Escaping from the guesthouse madness, we were on our way towards Hue, which has long been considered the premier tourist destination in Vietnam. Images of the forbidden city, citadel, emperors’ mausoleums and temples were on our minds and we silently prayed that our driver would pick up the pace and get us into Hue early. As it was, we reached Hue at around 1800 and found our hotel without any issues. Later on we found out that we were a victim of a hotel scam but at the time, we were blissfully unaware. Becky had emailed the proprietor of Mimosa guesthouse, which had decent reviews in both Lonely Planet as well as the Rough Guide. She received an email back from a man who purported to be the Mimosa owner. He claimed that the Mimosa had been torn down for renovations and was no longer available. However, he did have another hotel that he happily recommended that was also on Le Loi street. After we checked into the Phuong Hoang hotel, we gazed down Le Loi street and sure enough, Mimosa hotel was still standing and servicing guests. (Later on as we checked out of Phuong Hoang, we are shocked that they demand more money than originally agreed to so lesson learned, don’t take anything verbal! Get it in writing. This normally isn’t necessary because 90% of hoteliers will honor what they tell you but in this case, our trusting nature backfired and we were forced to pay the higher rate quoted upon checkout).
Hue is famous for its famous dishes, and we were excited to try them all! We kept clamoring for bun bo gio heo which is incredibly tasty rice-noodle soup mixed with healthy doses of beef, chicken or pork. We found the best bun bo gio heo eatery in Hue and were highly impressed with the dish. It was even better than initially described and we happily ate several bowls full of the delicious soup. Afterwards, we went to the best che outlet at 29 Hung Vuong for a refreshing drink of green beans and coconut, lotus seed and fresh fruit. For 10 cents a glass, it was a popular venue with the locals and tourists in the know!
One of the most memorable night sights of Hue is the lighting of the bridge with a collage of different colors. Yellow, red, blue, orange and purple night lights showcasing the bridge are on an automatic 20 second rotation, so we sat by the river’s edge to admire the bridge’s free light show. We ended the night by drinking vodka concoctions and had to agree that Hue is one of Vietnam’s most low key and pleasant cities.
5 DEC: Had breakfast at a street side café. French bread is something the Vietnamese picked up from the French and boy have they perfected the art of making it! We ate bowls of pho (big surprise) as well as French baguettes and sautéed steak. A delicious way to start the day. Afterwards, we decide who we want to hire for a perfume river mausoleum boat tour. Our hotel offers us a private tour for $12 but our driver whispers to Di Tam that he has a friend who can do it for less. So we decline the hotel’s offer (which is probably why we got stuck with the higher hotel bill! They had every intent of getting a surplus fee out of us) and agree to hire our driver’s friend and his boat. First stop was by road at the graceful Tu Duc Mausoleum. The grounds were beautiful, surrounded by peaceful lakes and perfectly placed trees. Tu Duc is more famously remembered as being impotent; although he had over 104 wives plus a village full of concubines, he fathered no children. We spent over an hour admiring the grounds here before continuing on to Khai Dinh’s mausoleum. Khai Dinh was heavily influenced by the French, and his mausoleum accurately reflects his affinity for France. Uniquely designed, it is a blend of East (Cham architecture) and West (European Baroque) that surprisingly works. The funniest story we read about Khai Dinh revolved around his flamboyancy. It is reputed that upon his return from France, he brought back a string of fairy lights that he wrapped around himself and ran around the palace with, until the batteries died!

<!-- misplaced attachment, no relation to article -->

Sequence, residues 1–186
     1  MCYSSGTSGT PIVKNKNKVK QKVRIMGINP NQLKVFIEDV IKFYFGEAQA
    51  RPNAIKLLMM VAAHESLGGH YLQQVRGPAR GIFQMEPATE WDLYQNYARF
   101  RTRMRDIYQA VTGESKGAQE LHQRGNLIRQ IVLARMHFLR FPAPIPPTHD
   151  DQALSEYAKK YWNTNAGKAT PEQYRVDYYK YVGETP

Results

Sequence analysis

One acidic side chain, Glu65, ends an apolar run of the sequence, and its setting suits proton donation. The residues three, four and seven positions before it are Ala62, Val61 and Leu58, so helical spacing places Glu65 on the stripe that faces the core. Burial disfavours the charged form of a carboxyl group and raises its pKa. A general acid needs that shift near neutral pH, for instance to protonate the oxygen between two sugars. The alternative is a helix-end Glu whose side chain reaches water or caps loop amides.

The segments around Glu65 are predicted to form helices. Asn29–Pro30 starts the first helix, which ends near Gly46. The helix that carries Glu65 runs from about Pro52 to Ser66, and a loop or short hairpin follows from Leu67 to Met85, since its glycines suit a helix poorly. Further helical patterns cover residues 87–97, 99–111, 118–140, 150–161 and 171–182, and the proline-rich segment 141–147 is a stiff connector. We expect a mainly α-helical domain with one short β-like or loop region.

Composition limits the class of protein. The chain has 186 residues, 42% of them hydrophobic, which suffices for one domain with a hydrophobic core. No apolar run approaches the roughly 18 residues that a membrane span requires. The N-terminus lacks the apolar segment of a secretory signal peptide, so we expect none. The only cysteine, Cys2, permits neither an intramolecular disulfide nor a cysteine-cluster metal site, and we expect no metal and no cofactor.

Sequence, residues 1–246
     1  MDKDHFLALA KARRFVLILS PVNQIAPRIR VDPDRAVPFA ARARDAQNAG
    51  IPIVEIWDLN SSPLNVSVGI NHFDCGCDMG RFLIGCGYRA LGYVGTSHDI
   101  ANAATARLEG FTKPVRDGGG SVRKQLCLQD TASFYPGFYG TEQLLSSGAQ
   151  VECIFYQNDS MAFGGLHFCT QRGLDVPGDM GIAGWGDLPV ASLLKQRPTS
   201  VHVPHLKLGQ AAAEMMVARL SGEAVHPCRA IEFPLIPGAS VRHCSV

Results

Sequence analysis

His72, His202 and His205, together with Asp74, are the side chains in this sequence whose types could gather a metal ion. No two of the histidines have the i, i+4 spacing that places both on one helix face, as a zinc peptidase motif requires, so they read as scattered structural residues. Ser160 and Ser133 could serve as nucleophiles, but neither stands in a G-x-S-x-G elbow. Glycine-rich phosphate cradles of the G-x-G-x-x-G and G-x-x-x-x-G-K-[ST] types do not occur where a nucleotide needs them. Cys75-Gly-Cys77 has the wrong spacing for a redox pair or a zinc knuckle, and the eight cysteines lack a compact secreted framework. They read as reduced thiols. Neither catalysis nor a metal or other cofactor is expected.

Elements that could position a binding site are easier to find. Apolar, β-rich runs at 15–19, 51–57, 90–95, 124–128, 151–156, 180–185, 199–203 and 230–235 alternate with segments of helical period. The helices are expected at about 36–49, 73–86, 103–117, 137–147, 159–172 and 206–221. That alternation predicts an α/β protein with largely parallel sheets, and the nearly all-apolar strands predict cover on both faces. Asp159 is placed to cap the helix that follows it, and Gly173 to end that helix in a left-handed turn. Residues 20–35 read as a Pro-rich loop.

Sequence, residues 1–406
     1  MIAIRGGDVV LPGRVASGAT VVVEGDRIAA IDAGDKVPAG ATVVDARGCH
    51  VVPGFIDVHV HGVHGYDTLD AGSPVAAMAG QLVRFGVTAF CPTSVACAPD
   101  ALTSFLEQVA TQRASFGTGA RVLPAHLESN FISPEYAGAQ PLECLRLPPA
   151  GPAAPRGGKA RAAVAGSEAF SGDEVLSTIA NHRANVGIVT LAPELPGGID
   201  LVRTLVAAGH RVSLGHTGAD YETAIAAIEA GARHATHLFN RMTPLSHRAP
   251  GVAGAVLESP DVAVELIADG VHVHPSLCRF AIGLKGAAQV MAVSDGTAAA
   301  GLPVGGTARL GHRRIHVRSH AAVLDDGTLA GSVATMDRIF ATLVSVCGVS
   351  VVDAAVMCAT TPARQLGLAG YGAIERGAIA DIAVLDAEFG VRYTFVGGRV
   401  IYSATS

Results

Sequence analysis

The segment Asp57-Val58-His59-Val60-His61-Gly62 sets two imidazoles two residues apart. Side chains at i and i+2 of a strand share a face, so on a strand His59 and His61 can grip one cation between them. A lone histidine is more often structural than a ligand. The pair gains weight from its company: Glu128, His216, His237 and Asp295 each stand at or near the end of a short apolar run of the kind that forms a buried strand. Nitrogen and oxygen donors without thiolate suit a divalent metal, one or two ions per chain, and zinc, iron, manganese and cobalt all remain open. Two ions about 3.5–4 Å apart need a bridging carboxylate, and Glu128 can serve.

After Khai Dinh, we went back towards Hue and boarded our boat for a Perfume River tour. It was a bit of a rainy and overcast day, so we spent the ride huddling up in our jackets to stay warm. Minh Mang mausoleum was our first stop. Entrance fees into the best mausoleums are rather expensive! At around $4 a person, we saw plenty of backpackers scorning the entrance fee and turning around! My, how spoilt we have become with SE Asia’s budget prices. A $4 entrance fee to anything in London or Germany is readily paid, but many backpackers felt it was an outrage to pay similar prices in Hue. We were glad we did as Minh’s mausoleum grounds are quite spectacular. A combination of lakes and red roofed pavilions made this mausoleum seem quite peaceful. It is reputed to have taken court officials over 14 years to find the right area to erect the mausoleum!